“The CCP’s ambition to be the world hegemon also means that no amount of concessions from the U.S. will satisfy its ‘bottom line’, and the Biden-Harris administration will be naive if they believe the contrary,” the analysis warns.

Normalization or confrontation? 

Based on the Tianjin meeting, SinoInsider theorizes that the Biden administration is likely following a policy of “normalization” of relations between the United States and China which would take the ties to the “pre-Trump and pre-Xi” era. However, the Biden administration might also take a more confrontational approach on issues that it is more comfortable with so as to win some political points back home; this will be in areas like cyberspace, human rights, supply chains, and technology.

“But if Washington truly wants to speak from a ‘position of strength’ and not make empty gestures, then it must show Beijing that the CCP’s ‘red lines’—which really reveal where the Party’s weaknesses lie—are not sacrosanct,” the SinoInsider analysis said.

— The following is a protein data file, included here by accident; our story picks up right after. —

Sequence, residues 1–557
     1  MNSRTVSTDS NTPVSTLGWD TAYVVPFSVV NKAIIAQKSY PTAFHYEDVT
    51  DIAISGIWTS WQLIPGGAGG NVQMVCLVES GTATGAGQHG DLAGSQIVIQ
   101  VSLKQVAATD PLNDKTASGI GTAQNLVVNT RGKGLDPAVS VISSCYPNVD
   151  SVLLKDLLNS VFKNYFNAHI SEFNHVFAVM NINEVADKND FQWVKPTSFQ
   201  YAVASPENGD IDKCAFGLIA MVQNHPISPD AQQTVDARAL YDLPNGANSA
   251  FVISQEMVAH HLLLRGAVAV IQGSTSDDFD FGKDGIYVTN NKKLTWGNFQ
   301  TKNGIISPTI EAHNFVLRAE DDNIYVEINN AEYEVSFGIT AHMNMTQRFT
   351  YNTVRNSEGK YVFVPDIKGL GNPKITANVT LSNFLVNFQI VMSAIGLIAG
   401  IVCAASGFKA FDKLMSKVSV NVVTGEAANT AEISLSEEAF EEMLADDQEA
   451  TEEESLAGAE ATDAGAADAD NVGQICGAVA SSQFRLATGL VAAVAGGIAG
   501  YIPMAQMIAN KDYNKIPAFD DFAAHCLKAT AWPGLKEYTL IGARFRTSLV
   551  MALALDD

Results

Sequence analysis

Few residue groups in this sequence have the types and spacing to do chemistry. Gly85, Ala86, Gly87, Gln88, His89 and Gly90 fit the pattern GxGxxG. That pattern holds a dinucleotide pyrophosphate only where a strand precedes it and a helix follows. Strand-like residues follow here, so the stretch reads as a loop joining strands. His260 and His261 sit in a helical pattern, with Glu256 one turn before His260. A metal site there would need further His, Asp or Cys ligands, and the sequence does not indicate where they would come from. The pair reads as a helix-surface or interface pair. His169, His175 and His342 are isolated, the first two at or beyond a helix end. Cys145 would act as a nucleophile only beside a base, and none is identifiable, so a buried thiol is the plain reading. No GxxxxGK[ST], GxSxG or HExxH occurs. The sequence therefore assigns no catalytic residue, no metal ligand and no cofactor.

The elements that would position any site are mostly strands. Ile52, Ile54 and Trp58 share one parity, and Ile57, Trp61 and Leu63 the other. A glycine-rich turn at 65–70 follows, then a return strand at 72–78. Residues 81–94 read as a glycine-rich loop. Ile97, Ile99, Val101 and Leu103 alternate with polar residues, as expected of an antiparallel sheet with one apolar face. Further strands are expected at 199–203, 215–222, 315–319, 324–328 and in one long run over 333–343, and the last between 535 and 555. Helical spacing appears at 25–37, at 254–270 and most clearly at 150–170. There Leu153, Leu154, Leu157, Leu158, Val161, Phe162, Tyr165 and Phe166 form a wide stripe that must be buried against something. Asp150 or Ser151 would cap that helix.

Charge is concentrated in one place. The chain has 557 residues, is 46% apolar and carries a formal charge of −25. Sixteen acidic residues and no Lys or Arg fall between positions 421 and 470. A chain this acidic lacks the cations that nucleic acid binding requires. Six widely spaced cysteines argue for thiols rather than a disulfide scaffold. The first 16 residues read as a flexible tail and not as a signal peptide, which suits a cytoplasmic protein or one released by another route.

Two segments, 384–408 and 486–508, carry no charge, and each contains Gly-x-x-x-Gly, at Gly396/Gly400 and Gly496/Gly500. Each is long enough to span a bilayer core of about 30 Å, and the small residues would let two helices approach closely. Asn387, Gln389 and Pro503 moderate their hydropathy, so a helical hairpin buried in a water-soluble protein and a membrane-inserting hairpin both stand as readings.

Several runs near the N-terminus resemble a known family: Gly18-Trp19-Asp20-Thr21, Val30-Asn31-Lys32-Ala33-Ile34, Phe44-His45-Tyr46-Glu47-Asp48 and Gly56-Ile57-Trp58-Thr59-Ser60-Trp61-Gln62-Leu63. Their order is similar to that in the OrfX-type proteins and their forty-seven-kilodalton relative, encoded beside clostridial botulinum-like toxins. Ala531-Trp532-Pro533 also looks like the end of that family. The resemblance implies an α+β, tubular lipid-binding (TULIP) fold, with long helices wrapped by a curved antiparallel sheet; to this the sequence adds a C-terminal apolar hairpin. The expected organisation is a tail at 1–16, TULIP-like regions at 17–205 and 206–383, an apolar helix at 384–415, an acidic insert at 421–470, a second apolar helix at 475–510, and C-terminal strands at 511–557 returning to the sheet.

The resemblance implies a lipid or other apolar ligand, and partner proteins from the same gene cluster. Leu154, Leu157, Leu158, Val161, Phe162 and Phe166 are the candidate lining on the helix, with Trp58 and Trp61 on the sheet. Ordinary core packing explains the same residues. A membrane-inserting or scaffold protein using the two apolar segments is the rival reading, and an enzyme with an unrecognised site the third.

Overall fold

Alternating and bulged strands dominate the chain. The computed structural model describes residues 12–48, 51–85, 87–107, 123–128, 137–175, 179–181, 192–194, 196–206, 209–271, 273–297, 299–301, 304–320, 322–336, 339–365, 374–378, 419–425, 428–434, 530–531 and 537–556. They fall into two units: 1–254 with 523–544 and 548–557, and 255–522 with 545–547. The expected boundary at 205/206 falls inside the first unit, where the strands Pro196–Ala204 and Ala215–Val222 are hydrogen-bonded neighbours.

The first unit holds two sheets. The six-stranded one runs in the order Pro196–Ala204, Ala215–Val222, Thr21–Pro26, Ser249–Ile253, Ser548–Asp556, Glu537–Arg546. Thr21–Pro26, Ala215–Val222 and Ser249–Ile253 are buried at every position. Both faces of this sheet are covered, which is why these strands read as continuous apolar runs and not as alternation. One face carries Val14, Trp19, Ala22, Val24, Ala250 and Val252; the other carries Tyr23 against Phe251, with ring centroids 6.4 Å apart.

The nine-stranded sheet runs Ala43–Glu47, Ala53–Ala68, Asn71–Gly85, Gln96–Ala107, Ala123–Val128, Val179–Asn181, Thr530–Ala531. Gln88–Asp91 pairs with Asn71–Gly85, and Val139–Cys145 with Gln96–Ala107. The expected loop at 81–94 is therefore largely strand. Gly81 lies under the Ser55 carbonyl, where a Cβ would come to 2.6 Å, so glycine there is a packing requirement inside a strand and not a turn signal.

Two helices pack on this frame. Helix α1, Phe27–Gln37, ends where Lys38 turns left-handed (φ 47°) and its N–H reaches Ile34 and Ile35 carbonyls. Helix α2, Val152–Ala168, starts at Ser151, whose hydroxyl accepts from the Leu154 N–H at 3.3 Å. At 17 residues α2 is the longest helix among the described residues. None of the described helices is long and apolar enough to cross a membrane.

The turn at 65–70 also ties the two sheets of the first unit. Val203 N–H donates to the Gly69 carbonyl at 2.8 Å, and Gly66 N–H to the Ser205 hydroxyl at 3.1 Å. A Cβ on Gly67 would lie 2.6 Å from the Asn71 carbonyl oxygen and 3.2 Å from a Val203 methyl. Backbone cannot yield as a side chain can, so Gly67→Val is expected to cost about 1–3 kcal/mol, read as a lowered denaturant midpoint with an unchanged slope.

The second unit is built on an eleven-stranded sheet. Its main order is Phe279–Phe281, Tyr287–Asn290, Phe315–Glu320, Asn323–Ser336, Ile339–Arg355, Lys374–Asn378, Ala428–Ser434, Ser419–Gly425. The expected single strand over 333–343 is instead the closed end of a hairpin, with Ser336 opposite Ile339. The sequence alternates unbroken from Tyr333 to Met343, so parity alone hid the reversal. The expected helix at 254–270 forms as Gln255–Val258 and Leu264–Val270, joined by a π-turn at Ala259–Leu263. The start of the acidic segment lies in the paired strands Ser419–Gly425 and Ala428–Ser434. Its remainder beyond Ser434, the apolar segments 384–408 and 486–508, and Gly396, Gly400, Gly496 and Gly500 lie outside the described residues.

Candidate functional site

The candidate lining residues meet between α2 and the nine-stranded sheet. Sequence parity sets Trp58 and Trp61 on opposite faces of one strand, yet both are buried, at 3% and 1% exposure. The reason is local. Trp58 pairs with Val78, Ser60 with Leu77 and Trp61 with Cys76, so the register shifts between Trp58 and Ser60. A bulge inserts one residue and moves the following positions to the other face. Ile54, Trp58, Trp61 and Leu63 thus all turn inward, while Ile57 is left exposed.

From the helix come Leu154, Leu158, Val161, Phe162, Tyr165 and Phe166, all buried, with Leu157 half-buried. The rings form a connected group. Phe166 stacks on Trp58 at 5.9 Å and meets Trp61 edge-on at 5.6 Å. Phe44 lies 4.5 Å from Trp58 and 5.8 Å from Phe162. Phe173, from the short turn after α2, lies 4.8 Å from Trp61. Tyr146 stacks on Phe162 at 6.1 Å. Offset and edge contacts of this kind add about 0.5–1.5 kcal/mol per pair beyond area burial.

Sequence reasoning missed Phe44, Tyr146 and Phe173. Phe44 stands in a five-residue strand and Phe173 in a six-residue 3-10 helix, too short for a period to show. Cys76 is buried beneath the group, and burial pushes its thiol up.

To do so, the Biden administration can try adopting the previous administration’s “ideological approach,” the think tank says. This includes differentiating between CCP and the Chinese people, ending the practice of raising concerns privately and publicly raising human rights issues like the persecution of Tibetans, Falun Gong practitioners, Christians, the horrific practice of live organ harvesting, and so on.

The analysis warns that if Washington continues respecting CCP’s “red lines,” the Biden administration would only end up with more humiliating bilateral meetings like what happened in Anchorage, and followed up in Tianjin.